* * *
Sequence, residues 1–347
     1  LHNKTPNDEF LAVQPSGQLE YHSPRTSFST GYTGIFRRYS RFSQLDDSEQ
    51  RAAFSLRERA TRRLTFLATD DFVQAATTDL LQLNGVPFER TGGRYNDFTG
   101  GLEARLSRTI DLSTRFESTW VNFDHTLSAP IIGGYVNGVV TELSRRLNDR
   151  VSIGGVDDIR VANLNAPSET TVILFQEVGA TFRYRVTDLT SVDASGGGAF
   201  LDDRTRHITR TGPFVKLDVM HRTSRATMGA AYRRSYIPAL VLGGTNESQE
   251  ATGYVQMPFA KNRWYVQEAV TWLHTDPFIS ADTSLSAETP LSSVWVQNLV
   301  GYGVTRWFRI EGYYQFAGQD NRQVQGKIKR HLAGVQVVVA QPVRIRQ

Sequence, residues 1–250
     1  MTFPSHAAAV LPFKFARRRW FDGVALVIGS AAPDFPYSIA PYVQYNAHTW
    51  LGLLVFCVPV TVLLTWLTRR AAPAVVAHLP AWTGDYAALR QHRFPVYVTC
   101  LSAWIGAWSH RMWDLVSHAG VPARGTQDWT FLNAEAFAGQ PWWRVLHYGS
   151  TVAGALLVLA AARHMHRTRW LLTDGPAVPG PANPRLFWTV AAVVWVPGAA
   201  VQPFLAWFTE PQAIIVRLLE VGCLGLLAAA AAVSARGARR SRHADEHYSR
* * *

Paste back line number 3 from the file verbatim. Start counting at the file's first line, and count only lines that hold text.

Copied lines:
    51  RAAFSLRERA TRRLTFLATD DFVQAATTDL LQLNGVPFER TGGRYNDFTG